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[…] If you’re on the fence about whether to use profile pages or author pages on Facebook, read Jane Friedman’s “The Pros and Cons of Using a Facebook Profile But Not an Official Page.” […]

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[…] The Pros and Cons of Using a Facebook Profile But Not an Official Page […]

Ricardo Ramos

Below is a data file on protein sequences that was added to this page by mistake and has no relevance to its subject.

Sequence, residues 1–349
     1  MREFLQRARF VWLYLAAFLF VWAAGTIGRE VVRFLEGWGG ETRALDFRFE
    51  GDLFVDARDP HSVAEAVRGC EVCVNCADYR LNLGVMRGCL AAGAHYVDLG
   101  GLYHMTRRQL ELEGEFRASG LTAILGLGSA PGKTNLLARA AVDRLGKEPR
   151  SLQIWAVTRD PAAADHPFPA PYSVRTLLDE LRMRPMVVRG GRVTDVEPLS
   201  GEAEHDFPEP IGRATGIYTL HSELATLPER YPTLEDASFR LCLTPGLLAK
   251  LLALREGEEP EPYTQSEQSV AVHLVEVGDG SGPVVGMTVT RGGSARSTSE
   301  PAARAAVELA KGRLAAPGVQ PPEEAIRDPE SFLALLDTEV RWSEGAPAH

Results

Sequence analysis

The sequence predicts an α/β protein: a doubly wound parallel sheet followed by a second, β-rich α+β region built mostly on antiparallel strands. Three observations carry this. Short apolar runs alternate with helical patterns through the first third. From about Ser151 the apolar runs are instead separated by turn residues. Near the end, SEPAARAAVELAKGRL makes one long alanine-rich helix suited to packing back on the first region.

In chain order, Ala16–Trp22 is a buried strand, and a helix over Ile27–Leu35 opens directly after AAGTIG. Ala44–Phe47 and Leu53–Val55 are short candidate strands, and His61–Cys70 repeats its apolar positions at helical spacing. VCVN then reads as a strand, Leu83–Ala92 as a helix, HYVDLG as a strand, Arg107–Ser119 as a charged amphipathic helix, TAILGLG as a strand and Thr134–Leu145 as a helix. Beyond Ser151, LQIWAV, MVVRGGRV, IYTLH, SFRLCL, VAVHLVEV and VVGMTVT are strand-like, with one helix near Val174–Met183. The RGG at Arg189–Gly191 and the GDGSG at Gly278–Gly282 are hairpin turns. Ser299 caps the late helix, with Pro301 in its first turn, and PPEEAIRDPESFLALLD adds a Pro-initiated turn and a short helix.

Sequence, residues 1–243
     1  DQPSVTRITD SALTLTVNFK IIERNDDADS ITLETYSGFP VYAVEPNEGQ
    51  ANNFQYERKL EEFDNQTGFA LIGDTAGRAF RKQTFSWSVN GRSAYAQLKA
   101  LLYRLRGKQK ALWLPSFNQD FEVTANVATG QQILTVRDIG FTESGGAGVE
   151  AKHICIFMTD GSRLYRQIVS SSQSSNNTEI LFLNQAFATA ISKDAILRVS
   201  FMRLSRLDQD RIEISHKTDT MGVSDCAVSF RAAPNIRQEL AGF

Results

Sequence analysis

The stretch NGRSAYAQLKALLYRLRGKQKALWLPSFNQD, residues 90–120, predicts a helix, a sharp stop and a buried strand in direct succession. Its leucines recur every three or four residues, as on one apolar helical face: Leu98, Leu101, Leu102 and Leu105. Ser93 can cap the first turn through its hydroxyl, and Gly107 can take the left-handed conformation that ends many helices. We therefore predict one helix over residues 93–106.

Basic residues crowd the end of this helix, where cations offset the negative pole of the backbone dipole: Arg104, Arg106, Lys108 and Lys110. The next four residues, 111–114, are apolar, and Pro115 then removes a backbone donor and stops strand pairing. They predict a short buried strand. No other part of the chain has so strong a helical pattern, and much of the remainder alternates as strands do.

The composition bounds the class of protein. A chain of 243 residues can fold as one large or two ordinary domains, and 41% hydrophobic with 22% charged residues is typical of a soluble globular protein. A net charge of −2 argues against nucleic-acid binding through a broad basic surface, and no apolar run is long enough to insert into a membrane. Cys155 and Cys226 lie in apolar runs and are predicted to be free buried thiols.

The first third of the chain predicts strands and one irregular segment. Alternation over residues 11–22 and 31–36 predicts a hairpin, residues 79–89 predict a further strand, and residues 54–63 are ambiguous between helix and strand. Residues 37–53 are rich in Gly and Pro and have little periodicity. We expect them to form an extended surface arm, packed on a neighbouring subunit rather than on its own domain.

Hi Jane! I would love to read your oppinion about a question concernig websites, if you do not mind. In my opinion, websites are fundamental for a company. It’s always a place controlled by the owner and a point of contact to the client. However, with users being able to encounter your brand and services through a variety of channels, makes me think if a website is a vital part of a digital strategy. Users have been changing their behaviour towards mobile apps and social media, in prejudice of websites. This behaviour is certainly decreasing the number of clicks/visits on… Read more »